Have you started building out your digital strategy plan? Do you even know where to start? There are so many technologies, and acronyms thrown out there, what are they and where do they fit into your company's overall digital strategy plan. This article is to introduce you to a framework to build out your strategy.
In the diagram there are four layers of the plan, on each side is user engagement, and marketing. At the top, which is the widest part of the strategy is where user engagement isn't as focused, but potential audience is at it's peak. Marketing strategies change in order to accommodate the various density of user engagement. Let's hit up on the four layers of strategy:
Industry & Digital
Like it is says, this is the outermost level of your digital plan, it's about gathering intelligence. Just as you would with any kind of entry to a market, you would do some market research first. With the web, and digital channels it's the same thing. You want to get a feeling for what people are searching on, what sites they go to, what your competitors are distributing and linking with, and doing industry site traffic analysis. It's all about understanding behavior of your digital industry, and what works, and what doesn't.
At this level, user engagement is spread out, and not focused. It takes some industry insight in order to understand what their behaviors are, and what is going to motivate them to get to the next level and that's site acquisition.
So you have your intelligence, you know what people are searching on in your industry, and what your competitors are doing, and linking up to, now it's time to use that knowledge to get them to your site. At this point you're using your marketing channels that you figured out in the first phase of your strategy, and understanding which channels work, and which don't. The goal here is to not only get traffic but gain an understanding on what campaigns are bringing value to your ultimate goal, and that's call-to-action. This is about using all the channels, your content marketing, SEO, social media, all to tie into what brought them to the site, and what ended up as a conversion. A call-to-action could be a goal you specify like an ecommerce transaction, a lead that translates to a sale, or whatever you deem of value.
Site - They're Here!
Again, analytics comes into play, but now it's about monitor the user's activity on the site, and seeing if your outside marketing converts. It's also about tracking your internal marketing, and seeing if that plays part of the conversion goal. But first let's do a quick math exercise to find out which pay per click keywords are bringing more value to my digital channel.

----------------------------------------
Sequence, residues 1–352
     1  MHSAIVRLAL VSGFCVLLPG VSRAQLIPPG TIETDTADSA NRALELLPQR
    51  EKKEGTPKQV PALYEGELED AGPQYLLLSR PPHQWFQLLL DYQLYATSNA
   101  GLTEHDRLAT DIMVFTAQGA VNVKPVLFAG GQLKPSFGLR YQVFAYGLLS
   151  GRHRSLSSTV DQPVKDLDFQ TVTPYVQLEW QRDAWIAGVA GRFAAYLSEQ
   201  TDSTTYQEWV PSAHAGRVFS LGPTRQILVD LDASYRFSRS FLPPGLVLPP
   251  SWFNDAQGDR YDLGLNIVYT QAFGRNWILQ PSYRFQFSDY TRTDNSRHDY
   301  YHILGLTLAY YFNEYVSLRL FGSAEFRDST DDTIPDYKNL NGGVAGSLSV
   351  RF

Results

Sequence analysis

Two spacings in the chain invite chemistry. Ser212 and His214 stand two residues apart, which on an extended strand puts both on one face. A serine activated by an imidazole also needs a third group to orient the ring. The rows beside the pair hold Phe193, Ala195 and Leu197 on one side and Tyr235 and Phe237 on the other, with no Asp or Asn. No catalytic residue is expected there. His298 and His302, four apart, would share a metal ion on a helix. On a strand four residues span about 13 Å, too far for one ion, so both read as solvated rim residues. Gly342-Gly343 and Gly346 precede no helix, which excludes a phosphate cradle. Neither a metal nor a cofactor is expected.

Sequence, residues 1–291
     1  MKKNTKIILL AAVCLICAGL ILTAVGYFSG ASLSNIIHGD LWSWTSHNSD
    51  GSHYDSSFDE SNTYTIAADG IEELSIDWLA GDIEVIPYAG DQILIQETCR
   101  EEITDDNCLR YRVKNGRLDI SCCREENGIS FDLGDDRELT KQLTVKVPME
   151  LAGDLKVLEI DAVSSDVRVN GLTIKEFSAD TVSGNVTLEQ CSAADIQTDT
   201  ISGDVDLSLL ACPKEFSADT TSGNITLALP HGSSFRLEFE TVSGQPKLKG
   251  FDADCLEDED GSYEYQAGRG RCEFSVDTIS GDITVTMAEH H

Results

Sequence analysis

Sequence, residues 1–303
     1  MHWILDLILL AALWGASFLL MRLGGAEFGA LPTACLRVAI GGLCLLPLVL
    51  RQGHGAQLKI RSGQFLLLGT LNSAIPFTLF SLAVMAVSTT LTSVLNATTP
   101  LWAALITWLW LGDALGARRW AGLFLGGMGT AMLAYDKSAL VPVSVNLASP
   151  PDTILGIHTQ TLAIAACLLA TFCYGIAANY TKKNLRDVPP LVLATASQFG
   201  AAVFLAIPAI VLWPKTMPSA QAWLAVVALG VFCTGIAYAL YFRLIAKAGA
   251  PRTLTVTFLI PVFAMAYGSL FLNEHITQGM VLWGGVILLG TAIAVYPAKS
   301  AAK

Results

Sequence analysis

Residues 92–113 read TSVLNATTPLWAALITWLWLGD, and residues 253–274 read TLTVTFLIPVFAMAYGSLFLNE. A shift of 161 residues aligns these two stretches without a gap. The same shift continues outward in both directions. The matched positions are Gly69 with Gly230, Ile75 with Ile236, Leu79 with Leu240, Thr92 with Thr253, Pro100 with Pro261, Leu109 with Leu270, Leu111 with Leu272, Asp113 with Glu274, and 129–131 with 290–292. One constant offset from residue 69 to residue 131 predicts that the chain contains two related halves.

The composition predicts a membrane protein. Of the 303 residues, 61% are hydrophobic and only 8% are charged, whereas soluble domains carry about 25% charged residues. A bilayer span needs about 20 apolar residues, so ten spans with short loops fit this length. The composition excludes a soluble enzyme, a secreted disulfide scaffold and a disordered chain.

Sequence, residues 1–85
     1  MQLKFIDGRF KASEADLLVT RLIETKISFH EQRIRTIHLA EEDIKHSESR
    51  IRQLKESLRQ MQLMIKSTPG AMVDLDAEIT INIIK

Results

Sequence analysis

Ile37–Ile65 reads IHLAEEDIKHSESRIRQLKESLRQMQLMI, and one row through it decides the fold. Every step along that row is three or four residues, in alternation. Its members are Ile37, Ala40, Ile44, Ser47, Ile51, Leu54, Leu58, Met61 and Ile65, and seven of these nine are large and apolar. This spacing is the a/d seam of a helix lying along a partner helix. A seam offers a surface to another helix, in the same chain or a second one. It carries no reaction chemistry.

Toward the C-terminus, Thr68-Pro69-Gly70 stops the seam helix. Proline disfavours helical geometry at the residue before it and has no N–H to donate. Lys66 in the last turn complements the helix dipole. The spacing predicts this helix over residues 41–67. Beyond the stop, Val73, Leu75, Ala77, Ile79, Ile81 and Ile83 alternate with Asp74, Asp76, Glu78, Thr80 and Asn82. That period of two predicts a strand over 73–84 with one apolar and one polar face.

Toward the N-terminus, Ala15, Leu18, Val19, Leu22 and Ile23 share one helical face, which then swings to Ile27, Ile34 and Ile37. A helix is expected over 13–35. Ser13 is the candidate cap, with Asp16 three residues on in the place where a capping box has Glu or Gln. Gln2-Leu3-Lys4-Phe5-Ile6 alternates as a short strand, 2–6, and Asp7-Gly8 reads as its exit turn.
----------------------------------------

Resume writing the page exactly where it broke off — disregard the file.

Say I spend $100 on a PPC campaign on Yahoo, it may be driving a huge amount of traffic to my site, but only 2% conversion rate. On the other hand I may be sponsoring a banner ad campaign on a vertical site related to my industry, the same $100 spend may bring 50% conversion rate even if the traffic is lower. How would I calculate an ROI on my various digital marketing campaigns? I would need to calculate the cost of the conversion between the two sources and find the relative value.
So if I get 100 visits from a CPC campaign with a 2% conversion rate at $100:
$100/2 = 2 sales cost $100
I end up spending $50 per conversion.
Now say on the vertical site, I pay $100 and I get 50 visits, with a 50% conversion rate:
$100/50 = 25 sales cost $100
I end up spending $4 per conversion.
I would be better off investing my money and resources into advertising on the vertical site. By defining campaigns in analytics, I can set a budget for my campaigns, and then gauge the effectiveness of each source against the other.
In addition to gaining building out those KPIs, you're now able to calculate the cost of your campaign efforts against the revenue generated from your call-to-action.
Call to Action
That's what it's all about isn't it? You're online to do business and generate revenue. Now that you built out a strategy to gauge your digital marketing efforts, find performance, and assign them a cost, you can calculate those costs against the transaction. By configuring your analytics package correctly you can create a direct ROI based on the first click that the person does to connect to your company all the way to the transaction, and then find a cost of each activity to calculate against the conversion.
And your CTA doesn't have to be an ecommerce transaction, that's up to your business to decide what creates value for the company. It could be a support site that reduces the amount of support calls, thereby reducing your costs. You could import user data to correspond with your user database to directly gauge web activity against what's going on in the back-end data. It could be downloading your iPhone app, and building out new channels to customers, it's all up to you.
And when that CTA converts, meaning instead of leaving your site after they click that "Buy Now" button, you have your conversion which you gauge your success against, and build out a true ROI of your digital efforts.
ROI = Revenue - Cost to Get That Revenue
And in Google Analytics and other tools, you can place a cost on the channels, efforts, funnels, conversions, etc., in order to calculate that ROI. Establish KPIs by measuring the effectiveness of the channels that you're investing in.
We're only touching the surface of the digital strategy, but the above diagram could be used to describe not only marketing channels, but technology, and content management layers as well. In future articles I'll be covering each aspect in more detail, but I hope this gets you thinking about your own strategy. And feel free to leave any comments on the article, your feedback and thoughts are appreciated.